• Iliad 07 •
• Homer •
Duration: 41 min
Price : $24
About rhapsody 07 of the Iliad
Hector's and Paris' (Alexander) return to the battle field revives the morale of the Trojans, which leads to their new successes. At the suggestion of Apollo, which Athena also agrees with, the hostilities will end with a duel between Hector and an chosen Achaean. The two gods, transformed into vultures watch the fight sitting on a tall oak tree – which is sacred to Zeus.
Silence falls after Hector's provocation. Menelaus prepares to enter the duel, but is restrained by Agamemnon, who sees that Hector is a stronger warrior. Nine other Achaeans stand up willingly to face Hector and Ajax, son of Telamon, wins the honour after a draw. He immediately prepares with joy for the conflict and asks the help of Zeus.
At the sight of Ajax, armed with a seven-pointed tower-like shield, Hector's heart tightens. The two opponents, after first bragging about their strength while recognising each other's value, rush throwing their spears. Hector's pierces Ajax's shield down to the seventh layer, while Ajax's pierces Hector's both shield and cuirass. The fight would go on, if Apollo and Athena didn't intervene. Both warriors exchange gifts as the duel isn't won by any of them.
The same night Nestor proposes a truce for the collection of the dead and the construction of a defensive wall. On the other side the Trojans decide to offer a compromise, (returning the stolen treasures, but keeping Helen) and asking for a truce. The compromise is rejected by Diomedes, but the truce is accepted and both armies honour their dead. Meanwhile the Achaeans finish building their great wall, which even the gods admire. However, the Acheans have not made the proper sacrifices to them...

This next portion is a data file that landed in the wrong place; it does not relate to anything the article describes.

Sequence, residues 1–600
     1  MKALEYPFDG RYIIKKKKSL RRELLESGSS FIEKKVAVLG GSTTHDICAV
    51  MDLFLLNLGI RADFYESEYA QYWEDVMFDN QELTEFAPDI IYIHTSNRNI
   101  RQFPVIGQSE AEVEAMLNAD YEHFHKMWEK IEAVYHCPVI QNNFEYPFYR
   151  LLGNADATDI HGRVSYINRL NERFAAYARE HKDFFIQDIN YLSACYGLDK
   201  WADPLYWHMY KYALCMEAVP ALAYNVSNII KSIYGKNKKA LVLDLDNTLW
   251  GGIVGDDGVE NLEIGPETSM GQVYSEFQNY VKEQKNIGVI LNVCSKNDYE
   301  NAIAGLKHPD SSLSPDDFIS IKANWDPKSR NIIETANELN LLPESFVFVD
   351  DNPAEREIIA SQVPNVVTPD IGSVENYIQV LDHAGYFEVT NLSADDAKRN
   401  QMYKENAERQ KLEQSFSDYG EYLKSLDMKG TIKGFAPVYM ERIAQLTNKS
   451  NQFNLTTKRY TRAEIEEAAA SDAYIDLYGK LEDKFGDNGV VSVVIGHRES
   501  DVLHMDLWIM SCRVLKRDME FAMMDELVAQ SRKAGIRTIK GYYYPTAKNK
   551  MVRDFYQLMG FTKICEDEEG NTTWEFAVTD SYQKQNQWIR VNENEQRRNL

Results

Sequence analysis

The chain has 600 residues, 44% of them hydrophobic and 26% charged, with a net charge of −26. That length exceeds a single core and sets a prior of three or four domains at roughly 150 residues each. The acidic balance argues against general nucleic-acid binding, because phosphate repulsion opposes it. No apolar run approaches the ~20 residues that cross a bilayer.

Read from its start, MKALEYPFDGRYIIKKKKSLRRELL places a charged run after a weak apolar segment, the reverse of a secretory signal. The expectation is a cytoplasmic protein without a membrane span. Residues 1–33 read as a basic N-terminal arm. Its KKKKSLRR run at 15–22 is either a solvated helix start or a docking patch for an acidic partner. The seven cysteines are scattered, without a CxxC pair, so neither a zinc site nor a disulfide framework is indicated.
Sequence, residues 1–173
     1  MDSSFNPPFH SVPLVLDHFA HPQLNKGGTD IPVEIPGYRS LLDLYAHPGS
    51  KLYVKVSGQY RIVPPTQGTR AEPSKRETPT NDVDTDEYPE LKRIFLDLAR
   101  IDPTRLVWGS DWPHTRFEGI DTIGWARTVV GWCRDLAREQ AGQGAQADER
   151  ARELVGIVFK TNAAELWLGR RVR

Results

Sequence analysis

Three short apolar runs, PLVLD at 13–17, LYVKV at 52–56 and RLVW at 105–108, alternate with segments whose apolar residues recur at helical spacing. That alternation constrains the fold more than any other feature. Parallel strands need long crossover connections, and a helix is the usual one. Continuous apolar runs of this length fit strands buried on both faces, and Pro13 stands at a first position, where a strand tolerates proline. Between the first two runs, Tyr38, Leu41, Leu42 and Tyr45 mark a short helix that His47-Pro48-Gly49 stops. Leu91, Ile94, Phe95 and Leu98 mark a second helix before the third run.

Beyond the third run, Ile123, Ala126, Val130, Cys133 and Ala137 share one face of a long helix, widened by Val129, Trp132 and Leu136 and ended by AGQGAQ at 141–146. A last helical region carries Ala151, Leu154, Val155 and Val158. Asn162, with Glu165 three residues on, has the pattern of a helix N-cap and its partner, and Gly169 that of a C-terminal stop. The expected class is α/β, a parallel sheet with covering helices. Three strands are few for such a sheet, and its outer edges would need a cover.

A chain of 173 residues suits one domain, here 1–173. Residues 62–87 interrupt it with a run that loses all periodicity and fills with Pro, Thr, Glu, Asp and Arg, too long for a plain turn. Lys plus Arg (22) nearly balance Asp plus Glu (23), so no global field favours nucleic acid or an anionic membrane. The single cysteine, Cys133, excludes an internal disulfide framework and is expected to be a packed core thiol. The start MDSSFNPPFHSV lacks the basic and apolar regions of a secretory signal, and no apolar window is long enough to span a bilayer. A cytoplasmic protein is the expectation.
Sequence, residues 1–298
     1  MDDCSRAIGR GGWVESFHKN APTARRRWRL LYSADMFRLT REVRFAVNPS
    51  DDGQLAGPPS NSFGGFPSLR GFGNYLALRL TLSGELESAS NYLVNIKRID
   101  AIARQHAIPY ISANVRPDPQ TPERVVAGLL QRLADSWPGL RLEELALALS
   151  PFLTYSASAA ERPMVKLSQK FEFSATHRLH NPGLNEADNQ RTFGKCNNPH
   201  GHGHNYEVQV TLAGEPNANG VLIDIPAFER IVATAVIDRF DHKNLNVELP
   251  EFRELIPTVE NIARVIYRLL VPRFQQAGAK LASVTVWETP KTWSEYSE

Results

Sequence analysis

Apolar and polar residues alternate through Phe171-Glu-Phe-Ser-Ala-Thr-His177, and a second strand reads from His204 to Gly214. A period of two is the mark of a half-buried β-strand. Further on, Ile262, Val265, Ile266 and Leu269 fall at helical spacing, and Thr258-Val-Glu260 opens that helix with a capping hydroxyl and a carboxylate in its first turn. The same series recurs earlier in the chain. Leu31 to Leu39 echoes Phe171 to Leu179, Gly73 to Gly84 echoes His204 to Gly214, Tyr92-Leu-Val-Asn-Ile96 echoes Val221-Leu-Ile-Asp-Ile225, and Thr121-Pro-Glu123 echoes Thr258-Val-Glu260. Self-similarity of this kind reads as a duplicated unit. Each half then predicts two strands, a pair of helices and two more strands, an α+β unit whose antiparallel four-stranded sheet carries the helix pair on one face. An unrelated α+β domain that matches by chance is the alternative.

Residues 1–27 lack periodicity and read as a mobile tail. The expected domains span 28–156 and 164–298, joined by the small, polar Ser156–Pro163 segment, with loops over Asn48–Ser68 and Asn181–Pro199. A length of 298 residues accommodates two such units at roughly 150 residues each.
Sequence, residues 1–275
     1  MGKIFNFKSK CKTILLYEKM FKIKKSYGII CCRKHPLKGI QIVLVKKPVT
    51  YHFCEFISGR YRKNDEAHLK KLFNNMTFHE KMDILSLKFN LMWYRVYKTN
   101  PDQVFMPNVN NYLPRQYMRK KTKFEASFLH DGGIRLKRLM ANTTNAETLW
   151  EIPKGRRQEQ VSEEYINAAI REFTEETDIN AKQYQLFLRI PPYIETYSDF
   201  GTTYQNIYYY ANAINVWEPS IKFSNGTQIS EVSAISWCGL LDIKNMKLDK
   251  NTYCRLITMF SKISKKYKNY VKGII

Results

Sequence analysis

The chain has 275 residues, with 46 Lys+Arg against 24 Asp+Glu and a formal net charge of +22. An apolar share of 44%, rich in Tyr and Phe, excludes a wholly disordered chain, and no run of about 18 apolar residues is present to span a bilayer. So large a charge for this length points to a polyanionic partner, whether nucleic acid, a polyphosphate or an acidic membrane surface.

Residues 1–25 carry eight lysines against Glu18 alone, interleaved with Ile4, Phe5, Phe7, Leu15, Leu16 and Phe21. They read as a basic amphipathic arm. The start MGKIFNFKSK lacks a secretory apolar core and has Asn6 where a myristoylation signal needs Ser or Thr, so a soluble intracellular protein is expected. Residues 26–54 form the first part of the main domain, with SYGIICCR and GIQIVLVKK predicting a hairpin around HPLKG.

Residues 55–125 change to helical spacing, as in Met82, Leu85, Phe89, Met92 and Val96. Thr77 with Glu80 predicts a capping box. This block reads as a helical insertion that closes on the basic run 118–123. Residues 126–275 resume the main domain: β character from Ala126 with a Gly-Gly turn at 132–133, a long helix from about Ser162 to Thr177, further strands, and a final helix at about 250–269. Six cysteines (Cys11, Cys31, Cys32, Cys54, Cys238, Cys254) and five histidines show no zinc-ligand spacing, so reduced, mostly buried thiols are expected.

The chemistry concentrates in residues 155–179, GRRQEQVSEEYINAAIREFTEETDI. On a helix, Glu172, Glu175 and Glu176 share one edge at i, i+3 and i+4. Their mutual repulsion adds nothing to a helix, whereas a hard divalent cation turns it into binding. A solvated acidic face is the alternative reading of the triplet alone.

Though Homer doesn't need an introduction, in case you'd like to refresh your knowledge about his life and work, you can read enough in published books, or online by consulting websites like: the Center for Hellenic Studies of Harvard University (using their search field), Encyclopaedia Britannica, the "Living Poets" website, even Wikipedia, Biography.com, or elsewhere.
About the audiobook
The recording contains the unabridged Ancient Greek text of the 7th rhapsody.
This recitation is trying to find a balance between dramatisation and metrical correctness. I've avoided excess on both sides: not to render it as mechanically rhythmic as it usually happens in educational context on all levels and, not over-dramatise it, as is often needed in live performances in larger venues. I hope this is a proper approach for this medium.
After purchase you will be able to download the relevant mp3 file.
You can listen to a short sample in the following video.